Gaslighting is commonly associated with romantic relationships. However, this form of abuse is present everywhere, especially at work. For those of you unfamiliar with the term, gaslighting involves psychological manipulation and/or emotional abuse to exert power or gain control. I did not realize gaslighting at work existed until this summer. I found myself in a very bizarre situation where I was constantly subjected to manipulation and found myself under immense stress and self-doubt.
I worked at an organization that I believed would value and empower me because that is what the organization claims to promote. Just after a few weeks though, I began doubting the quality of my work and felt terrible most of the time. Gaslighters will have you constantly question your self-worth to prevent you from succeeding. It is up to you to set boundaries to protect your mental health and sense of self-worth. Always remember nothing is more important than your mental health.
I remember feeling overwhelmed by the amount of work I had. I was struggling to strike a balance between work and other commitments. It is commonplace to feel like that once in a while, isn’t it? Well apparently for gaslighters there is no room for validation or empathy. I communicated my feelings to my supervisor who instantly dismissed my feelings and expressed her dissatisfaction with me. It got to a point where I doubted my own sanity. I almost accepted that I was at fault and perhaps incapable of handling tasks effectively.
However, I was fortunate enough to have supportive colleagues who stepped in to rescue me from a toxic situation. Gaslighters will negate your feelings and opinions and instead insist that their approach is always correct.
I did not let this experience define me and neither should you.
It is difficult to identify gaslighters or gaslighting but if you have ever doubted your capabilities or sanity at work then you have probably been a victim of gaslighting. Gaslighters are very smart! They tend to pass on judgments and passive-aggressive comments under the guise of well-intentioned feedback or support.
Gaslighting is more frequent at work because it is a competitive environment and everyone just wants to excel. It is, however, also underreported because the victim usually ends up thinking it is his or her fault. Working with a gaslighting boss or colleagues can become demeaning and undermine your self-confidence. It aids negativity, which can seep into your personal life as well as push you out of your preferred career.
Every once in a while, it is alright for your boss or colleague to disagree with you. But if it occurs recurrently and you find yourself second-guessing your choices all the time, you are probably being gaslighted. Confusing you makes them feel correct. They may even drop back-handed compliments to maintain an upper hand.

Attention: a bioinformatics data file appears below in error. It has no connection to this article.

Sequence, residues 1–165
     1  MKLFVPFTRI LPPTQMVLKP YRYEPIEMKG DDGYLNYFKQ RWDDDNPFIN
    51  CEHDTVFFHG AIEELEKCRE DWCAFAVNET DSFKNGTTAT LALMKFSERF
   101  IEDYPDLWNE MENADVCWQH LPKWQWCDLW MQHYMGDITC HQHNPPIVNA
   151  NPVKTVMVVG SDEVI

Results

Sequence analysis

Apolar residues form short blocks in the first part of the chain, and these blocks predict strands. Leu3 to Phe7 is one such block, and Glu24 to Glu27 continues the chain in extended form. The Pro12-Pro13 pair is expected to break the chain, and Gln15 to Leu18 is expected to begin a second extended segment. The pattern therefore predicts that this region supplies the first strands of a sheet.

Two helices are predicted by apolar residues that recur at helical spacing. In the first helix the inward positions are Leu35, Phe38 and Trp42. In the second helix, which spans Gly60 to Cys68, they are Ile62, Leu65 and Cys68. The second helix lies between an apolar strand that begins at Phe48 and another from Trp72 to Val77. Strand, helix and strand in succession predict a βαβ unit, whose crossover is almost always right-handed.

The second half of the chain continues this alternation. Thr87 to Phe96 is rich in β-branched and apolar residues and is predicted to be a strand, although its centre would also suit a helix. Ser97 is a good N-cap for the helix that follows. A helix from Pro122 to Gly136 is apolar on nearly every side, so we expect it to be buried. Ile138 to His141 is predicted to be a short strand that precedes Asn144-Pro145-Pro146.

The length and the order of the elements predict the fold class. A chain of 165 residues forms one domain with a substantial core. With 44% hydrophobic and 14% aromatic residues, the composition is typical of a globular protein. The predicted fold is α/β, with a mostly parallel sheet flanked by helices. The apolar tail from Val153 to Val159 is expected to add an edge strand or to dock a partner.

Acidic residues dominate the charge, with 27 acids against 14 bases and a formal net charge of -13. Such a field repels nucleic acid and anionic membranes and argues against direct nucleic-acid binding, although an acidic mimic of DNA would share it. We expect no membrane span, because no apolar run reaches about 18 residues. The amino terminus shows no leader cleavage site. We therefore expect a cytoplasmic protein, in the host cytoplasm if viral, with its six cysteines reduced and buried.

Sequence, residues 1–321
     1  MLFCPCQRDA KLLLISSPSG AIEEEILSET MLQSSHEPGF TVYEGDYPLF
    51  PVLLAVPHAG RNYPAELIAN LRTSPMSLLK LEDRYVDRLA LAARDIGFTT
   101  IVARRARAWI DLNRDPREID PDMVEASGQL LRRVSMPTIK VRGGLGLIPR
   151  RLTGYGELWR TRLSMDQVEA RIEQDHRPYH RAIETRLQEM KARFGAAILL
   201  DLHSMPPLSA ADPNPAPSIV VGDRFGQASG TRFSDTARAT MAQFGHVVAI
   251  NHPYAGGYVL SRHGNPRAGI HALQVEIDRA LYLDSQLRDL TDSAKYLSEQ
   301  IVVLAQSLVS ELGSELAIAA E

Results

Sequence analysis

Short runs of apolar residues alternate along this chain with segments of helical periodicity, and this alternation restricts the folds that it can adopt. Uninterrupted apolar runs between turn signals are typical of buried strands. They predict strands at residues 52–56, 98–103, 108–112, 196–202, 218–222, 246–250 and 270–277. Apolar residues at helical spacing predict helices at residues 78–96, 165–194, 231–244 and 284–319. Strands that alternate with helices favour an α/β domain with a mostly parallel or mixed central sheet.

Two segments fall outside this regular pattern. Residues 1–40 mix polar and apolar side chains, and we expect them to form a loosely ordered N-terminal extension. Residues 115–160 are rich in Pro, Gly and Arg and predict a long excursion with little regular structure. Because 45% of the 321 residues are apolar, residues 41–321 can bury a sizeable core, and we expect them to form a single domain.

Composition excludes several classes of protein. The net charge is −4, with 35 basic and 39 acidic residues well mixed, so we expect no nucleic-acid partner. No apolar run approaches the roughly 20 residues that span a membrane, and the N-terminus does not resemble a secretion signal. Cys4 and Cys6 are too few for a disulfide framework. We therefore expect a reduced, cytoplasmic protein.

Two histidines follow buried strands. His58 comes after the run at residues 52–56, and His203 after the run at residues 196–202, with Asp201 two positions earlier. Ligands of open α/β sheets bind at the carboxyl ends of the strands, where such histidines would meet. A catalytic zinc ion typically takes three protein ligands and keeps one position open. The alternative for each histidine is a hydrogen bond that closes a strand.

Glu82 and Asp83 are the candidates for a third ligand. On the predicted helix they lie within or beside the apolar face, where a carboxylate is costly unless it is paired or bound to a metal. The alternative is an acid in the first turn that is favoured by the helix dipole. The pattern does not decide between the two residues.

I personally believe people that people gaslight at work due to a lack of self-confidence and assurance. Undermining other people’s credibility reduces their chances of getting ahead. This in turn makes the gaslighter feel in control or powerful. It has been proven by research that gaslighters tend to have low self-esteem. Their behaviors make them assume a sense of power or control.
In order to ascertain whether you are being gaslighted or not look out for recurrent behavioral patterns that are confusing you. If you constantly find yourself perplexed and doubt your abilities, you are being gaslighted – trust your instincts. Do not allow your boss or colleagues’ behavior to take over you.
Sometimes speaking to a trusted colleague can help. I was lucky enough to have trust-worthy and supportive colleagues that I vented out to. They stepped in to make sure I was doing alright and reminded me that my work was valued.
There is little conversation about gaslighting at work but it is extremely prevalent and dangerous. It can demotivate people and push them out of their chosen careers. It is important that you figure out whether or not you are being gaslighted. Once you are sure, try to keep a record of all your interactions with the gaslighter. Take screenshots of emails and messages. That is what I did! This is especially important if you plan to report the case to your management or HR.
Always remember nothing is more important than your mental health.
In my experience, a confrontation with the gaslighter never goes well. They will not listen to you and instead throw unwarranted arguments at you. It is best to get support from a management team or HR. It was difficult for me to get any form of help because my gaslighter was at the very top. Albeit, it was a testing experience but I held my ground. I did not let this experience define me and neither should you.
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